THE Tobago region of National Carnival Bands Association (NCBA) launched the rebirth of the Tobago Fest (TF), with a mission to also bring back the joyous years of playing mas for “small money.”
NCBA president David Lopez said with the festival is to be developed as a tourist product. He said there was too much emphasis on competition in Carnival, and the competition in Carnival as it stands today
“is in intensive care”, and if it continued on that path, soon TT Carnival will become a thing of the past.
Speaking at D Original Backyard Restaurant and Sports Bar at Tragarete Road, Newtown in Port of Spain, last week Friday, Lopez said, “It is going to be a major challenge because Carnival is being taken away from the people and it is important for the people to take back their Carnival. Based on the competitions in Carnival you have to pay upwards of $5,000 to be in a costume, we are saying that when Carnival started in Trinidad it was a people event. There was no competition. People used to come and play in their costumes and have a good time.”
Emphasising his mission for people to “pay small money” to enjoy themselves and the desire not to see “Carnival taken away from the people”, Lopez cited how a rival Carnival event was birthed when certain people were denied the opportunity to participate.
He said, “As we move on today, it is important to understand the importance of why we are here at D Original Backyard Restaurant and Sports Bar. This place that we are standing on here was a barrack yard where people of colour had their own Carnival when they were denied participation in the Carnival by the French. So, it is important for us as a people to understand the history of our Carnival. If we don’t do that and allow the Carnival to be taken away from the people in the name of competition, the people who produce the Carnival will not benefit from the Carnival because they are not service providers.
So the reason for the rebirth of the Tobago Fest is that you will be able to pay small money to enjoy yourself. The Parade of the Bands is to bring your costume and come and have a good time and enjoy yourself, and to see the rebirth of TF, the real Carnival.”
There will be four major events, two free and two with paid admission at festival which begins this weekend. Originally, the festival ran from 1998 to 2006 –when it was stopped by Orville London, then chief secretary of the Tobago House of Assembly, following a stabbing incident in the J’Ouvert. Back then, London stated that TF would have had to be restructured, promising to return in a few years.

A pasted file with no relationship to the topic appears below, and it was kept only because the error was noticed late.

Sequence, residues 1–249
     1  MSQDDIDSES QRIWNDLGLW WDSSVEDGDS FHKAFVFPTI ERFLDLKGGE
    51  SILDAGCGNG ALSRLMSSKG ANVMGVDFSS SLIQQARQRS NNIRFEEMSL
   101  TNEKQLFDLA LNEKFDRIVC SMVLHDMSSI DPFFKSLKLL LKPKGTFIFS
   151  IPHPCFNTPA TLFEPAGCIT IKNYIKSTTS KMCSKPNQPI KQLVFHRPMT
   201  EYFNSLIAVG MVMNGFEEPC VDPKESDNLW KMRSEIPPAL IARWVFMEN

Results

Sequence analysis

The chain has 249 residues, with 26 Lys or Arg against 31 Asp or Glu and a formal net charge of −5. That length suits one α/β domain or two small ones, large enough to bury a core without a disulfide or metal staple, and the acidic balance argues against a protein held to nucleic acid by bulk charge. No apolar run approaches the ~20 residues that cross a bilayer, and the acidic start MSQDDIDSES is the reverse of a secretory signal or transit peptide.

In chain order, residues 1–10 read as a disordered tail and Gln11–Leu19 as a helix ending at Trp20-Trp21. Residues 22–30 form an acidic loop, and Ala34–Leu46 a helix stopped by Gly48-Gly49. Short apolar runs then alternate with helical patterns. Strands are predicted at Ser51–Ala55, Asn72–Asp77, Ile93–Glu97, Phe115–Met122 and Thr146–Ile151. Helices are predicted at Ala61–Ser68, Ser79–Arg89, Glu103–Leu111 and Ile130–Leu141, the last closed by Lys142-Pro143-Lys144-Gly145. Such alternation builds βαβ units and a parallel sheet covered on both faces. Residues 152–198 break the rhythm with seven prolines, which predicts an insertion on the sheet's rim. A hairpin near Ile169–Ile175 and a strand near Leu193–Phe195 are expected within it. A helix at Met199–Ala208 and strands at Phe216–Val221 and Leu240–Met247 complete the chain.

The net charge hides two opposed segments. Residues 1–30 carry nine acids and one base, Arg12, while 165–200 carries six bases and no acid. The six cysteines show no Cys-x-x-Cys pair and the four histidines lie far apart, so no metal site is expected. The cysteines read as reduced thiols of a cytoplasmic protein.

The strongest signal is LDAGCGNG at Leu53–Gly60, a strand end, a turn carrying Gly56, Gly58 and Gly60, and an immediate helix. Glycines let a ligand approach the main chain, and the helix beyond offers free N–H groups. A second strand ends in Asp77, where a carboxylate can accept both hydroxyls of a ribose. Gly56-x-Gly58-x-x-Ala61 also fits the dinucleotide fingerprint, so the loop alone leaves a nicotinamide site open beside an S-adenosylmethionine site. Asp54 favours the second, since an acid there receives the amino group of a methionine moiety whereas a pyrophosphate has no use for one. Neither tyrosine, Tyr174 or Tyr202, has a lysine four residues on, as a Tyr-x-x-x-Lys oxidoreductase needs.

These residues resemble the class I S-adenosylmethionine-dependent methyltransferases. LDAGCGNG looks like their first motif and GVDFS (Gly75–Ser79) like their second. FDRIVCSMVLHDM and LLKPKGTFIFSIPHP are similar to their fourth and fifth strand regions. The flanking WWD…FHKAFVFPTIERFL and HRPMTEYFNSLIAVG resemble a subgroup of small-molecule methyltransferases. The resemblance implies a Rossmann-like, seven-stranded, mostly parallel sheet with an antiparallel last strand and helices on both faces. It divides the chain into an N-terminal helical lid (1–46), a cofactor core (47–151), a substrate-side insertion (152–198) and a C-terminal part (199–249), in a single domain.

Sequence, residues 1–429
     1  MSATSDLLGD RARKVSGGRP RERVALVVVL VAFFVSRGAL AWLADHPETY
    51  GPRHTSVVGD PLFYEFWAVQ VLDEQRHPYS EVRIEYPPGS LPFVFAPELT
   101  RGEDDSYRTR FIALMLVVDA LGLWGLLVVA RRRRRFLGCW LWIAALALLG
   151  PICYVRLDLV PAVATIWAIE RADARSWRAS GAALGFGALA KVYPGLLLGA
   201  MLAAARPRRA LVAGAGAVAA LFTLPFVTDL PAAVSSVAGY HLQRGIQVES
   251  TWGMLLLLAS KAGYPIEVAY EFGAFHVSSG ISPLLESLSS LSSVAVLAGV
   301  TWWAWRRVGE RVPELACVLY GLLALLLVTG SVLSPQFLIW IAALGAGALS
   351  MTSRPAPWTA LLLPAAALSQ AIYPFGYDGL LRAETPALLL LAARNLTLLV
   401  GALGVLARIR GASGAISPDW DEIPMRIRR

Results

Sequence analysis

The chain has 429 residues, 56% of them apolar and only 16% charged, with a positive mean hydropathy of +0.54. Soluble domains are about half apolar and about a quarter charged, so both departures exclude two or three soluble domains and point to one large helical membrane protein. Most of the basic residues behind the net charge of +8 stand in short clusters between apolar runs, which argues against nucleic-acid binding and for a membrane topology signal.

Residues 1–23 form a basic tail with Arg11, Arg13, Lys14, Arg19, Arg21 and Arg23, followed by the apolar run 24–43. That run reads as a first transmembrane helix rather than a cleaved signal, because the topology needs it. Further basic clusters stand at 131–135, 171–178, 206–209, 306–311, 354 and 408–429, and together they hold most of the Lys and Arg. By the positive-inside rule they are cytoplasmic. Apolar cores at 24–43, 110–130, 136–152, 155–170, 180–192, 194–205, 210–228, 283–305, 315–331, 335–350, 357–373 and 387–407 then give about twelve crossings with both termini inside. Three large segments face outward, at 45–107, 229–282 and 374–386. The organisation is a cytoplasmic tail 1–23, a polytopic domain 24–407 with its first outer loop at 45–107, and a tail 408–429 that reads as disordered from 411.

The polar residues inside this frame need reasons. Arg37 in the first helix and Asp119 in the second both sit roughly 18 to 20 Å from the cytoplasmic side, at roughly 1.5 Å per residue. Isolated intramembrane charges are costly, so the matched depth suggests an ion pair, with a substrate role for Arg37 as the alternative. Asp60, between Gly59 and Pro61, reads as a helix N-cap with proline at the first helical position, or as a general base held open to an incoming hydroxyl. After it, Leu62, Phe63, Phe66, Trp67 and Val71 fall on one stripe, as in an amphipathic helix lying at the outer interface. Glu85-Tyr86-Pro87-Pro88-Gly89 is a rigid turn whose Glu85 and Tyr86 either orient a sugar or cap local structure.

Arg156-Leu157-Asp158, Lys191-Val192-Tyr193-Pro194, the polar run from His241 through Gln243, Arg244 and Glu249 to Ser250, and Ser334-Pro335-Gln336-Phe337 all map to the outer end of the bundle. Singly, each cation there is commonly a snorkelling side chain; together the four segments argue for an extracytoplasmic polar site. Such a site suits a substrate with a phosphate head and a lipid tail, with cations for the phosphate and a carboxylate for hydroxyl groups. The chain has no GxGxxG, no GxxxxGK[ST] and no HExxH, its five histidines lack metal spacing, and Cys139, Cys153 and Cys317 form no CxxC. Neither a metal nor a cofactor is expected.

Twelve years later, Terrence Sandiford, who took up the chairmanship of the NCBA Tobago Region in 2012, spoke about the rebirth of TF.
He said, “I have been clamouring for the return of TF because it must be understood that Tobago Carnival can’t compete with Trinidad, and so the intention was to have a Carnival-style, tourism event that we can benefit from because when we celebrate our Carnival same time with Trinidad, we don’t get the level of sponsorship or participation that is deserved. Apart from all of this, a survey was done by our office and it revealed that the past three to five years we have been losing at least 15 per cent of masqueraders going to Trinidad so we decided something had to be done and earlier this year we took the decision to bring back TF.”
Sandiford said the festival is of significant importance to Tobago for a number of reasons, one being that years ago Tobago use to have over 90,000 people visiting its shores, but this has dwindled to seven or 8,000, which has taken a toll on the island’s economy.
Tobago Fest begins on Friday with a welcome party designed specifically for sponsors, well-wishers and the public, then follows-up next morning with a J’Ouvert presentation at Canoe Bay from 5-10 am. At 1 pm, the Parade of the Bands will start at the park by the Shade Restaurant up to Store Bay car park and back, ending at 6 pm.
“We are fortunate to have T&TEC on board with us for the Brite Nite experience that takes place from 8 pm-1 am on Saturday night. And between 10 and midnight T&TEC will be taking off lights in order to see the spectacle of hundreds of neon lights glowing in the dark,” Sandiford said. On Sunday, there will be a cool-down from 12 pm-6 pm.
Summing up Sandiford said, “Tobago Fest is an economic investment for the future of Tobago. This year’s TF is 2.4 per cent of the budget that is given to Tobago Jazz Experience, Heritage Festival and the Carnival, and it is expected to have more people than those three events combined. Without any man-made or natural disasters TF is well on its way to revive the economy of Tobago.”